The three times the University of Washington men’s basketball team played in Los Angeles this season, the results were disastrous. Whether it was the second-half meltdown against Georgetown, the buzzer-beating loss at UCLA or the tail-kicking at USC, the Huskies have had a devil of a time winning in the City of Angels.
If that trend continues tonight, UW may well be back in Seattle hosting a National Invitational Tournament game this time next week. That prospect alone should be enough to get the Huskies fired up for their quarterfinal matchup with Oregon State in the Pac-10 tournament.
“If we can’t find energy (today),” head coach Lorenzo Romar said earlier this week, “then we don’t deserve to be there. I don’t care if we’re playing in an alley or an ice-skating rink. I don’t care where we’re playing. At this point, the entire season is on the line.”
A loss by the third-seeded Huskies (21-9) at any point this week might mean the bursting of their NCAA bubble.
“You’ve got to always think for the worst,” sophomore guard Isaiah Thomas said. “We’ve got to keep working hard and try to get the most, and that’s trying to win the Pac-10 tournament for us.”
The most immediate goal, as Thomas himself acknowledged, is to beat sixth-seeded OSU (14-16) tonight in a game that’s scheduled to start around 8:40 p.m. UW won both meetings with the Beavers in the regular season, including an 82-70 victory Saturday. It’s enough to have gotten OSU’s blood flowing this week.
“Our guys are pretty motivated,” Beavers coach Craig Robinson said Tuesday.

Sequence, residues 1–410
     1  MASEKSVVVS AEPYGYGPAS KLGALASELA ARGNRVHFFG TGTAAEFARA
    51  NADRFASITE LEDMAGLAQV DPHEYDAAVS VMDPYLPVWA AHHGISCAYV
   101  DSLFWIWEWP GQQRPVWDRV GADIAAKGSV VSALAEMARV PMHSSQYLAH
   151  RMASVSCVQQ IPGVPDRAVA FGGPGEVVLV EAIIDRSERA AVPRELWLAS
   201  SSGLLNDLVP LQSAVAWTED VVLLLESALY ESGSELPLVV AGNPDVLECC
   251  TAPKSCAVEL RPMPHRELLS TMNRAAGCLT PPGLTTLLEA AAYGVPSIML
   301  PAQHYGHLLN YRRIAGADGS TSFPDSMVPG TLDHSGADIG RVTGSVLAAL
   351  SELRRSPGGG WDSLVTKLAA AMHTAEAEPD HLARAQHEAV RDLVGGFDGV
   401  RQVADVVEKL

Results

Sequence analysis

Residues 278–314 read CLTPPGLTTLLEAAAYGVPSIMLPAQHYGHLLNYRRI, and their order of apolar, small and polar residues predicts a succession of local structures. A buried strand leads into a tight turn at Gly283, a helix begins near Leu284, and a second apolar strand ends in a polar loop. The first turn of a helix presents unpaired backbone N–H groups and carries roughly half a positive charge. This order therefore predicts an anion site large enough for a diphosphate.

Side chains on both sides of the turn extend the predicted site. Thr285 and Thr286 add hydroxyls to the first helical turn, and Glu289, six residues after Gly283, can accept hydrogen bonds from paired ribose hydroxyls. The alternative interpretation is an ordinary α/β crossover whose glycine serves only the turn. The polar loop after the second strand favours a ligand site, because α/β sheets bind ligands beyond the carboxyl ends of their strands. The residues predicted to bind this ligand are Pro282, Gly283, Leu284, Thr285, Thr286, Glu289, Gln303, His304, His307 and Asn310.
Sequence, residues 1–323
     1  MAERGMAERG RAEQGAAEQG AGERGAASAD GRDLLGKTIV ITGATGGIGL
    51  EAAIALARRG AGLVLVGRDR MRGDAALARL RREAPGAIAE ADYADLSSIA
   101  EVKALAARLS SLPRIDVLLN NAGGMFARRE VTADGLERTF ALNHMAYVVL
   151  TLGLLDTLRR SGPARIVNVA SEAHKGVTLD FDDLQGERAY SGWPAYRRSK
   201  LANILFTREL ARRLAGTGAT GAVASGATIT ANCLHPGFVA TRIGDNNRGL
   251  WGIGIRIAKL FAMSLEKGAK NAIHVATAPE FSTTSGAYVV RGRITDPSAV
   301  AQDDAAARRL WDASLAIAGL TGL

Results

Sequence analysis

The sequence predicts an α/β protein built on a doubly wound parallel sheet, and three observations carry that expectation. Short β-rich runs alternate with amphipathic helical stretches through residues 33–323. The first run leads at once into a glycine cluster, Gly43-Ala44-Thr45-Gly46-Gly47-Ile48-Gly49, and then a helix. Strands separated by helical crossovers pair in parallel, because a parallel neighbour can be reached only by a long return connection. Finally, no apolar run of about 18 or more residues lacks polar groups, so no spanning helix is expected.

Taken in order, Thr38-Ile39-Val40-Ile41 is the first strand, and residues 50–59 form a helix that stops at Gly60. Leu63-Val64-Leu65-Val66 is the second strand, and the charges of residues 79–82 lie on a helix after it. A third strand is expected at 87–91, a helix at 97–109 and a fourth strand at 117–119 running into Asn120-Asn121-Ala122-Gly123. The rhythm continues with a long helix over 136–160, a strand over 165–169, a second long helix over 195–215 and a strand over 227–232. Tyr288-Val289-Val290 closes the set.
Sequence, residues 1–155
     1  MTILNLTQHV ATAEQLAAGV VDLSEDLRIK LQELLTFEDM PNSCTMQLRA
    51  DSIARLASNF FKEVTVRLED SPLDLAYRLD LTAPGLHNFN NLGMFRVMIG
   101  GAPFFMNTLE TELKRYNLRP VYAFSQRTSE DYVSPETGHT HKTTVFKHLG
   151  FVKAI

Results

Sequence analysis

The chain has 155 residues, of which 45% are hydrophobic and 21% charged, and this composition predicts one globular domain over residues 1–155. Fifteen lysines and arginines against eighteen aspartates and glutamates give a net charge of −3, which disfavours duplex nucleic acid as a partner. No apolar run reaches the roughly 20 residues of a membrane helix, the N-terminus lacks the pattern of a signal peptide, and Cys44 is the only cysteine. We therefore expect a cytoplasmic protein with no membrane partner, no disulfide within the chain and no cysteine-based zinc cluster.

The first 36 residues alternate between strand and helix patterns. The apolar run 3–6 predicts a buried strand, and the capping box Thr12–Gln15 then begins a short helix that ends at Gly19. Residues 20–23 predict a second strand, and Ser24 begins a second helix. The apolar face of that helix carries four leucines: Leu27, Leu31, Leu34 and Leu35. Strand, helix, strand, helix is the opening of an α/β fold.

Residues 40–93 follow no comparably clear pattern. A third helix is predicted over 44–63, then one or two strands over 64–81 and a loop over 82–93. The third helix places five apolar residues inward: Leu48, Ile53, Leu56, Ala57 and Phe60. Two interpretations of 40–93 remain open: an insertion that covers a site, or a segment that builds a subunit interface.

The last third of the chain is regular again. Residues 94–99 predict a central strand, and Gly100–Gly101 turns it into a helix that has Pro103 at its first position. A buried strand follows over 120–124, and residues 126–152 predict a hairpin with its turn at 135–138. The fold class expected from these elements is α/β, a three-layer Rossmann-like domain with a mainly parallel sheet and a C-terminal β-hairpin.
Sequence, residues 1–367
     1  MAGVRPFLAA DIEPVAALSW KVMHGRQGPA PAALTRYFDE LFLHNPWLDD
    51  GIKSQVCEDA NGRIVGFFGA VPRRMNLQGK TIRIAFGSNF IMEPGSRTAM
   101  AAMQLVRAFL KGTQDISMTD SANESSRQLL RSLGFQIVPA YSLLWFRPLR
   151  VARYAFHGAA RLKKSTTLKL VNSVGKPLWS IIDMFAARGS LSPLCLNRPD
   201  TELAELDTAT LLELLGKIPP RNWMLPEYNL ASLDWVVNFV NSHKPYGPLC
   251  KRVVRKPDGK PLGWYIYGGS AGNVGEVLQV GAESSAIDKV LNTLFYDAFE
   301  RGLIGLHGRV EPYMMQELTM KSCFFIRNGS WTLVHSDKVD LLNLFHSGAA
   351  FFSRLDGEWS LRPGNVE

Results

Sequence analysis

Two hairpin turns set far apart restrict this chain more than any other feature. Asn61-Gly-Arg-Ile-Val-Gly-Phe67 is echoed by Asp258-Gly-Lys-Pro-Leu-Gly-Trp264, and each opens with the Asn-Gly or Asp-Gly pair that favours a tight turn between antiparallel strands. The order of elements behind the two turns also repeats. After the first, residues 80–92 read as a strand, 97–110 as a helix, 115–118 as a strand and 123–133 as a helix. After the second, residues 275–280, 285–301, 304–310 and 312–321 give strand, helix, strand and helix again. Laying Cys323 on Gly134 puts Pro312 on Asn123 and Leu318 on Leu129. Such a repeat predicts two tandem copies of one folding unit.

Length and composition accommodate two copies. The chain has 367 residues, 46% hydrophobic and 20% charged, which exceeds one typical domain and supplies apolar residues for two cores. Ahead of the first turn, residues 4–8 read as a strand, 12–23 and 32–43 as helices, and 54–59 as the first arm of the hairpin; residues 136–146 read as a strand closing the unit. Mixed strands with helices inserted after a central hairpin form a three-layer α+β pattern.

The Huskies have beaten a single opponent three times in the same season in four of the nine years since the Pac-10 tournament returned — Arizona in 2003-04, Arizona State in 2004-05 and 2006-07, and Stanford last season. The Huskies are 4-2 in that span when playing a team they’ve beaten twice in the regular season.
Historically speaking, it’s not as rare to beat a team three times in one season as it’s made out to be. Maybe that explains the response of UW’s Thomas this week when asked why he thinks it’s so hard to beat a team three times.
“I don’t,” he told a group of reporters Tuesday. “That’s you guys. I don’t know. I just say it because you guys say it.”
Asked whether that means he thinks it will be easy to beat the Beavers a third time, Thomas said: “I’m not saying that, either. We’ll be ready, that’s all I’m going to say.”
The Huskies certainly have been ready for most of the challenges put before them in the past six weeks, posting a 9-2 record. UW has won four road games along the way and risen to No. 49 in the all-important RPI rankings, meaning that a potential semifinal matchup with Arizona State on Friday could mean an at-large NCAA bid for the winner.
But the Huskies aren’t thinking in those terms. Their most pressing goal is to beat the Beavers tonight — a loss almost certainly would knock UW out of consideration for the NCAA tournament — while the long-term objective is to leave Los Angeles with a tournament title and an automatic bid to the Big Dance.
In those terms, tonight’s game is as big as it gets.
“A game back in January is not necessarily going to end your season; You can make it up down the road,” Romar said. “This game right here? It sets you back. You probably don’t get in the NCAA tournament. So if you need any other motivation, any other thing to get you going, then I don’t know why you’re playing at this moment.”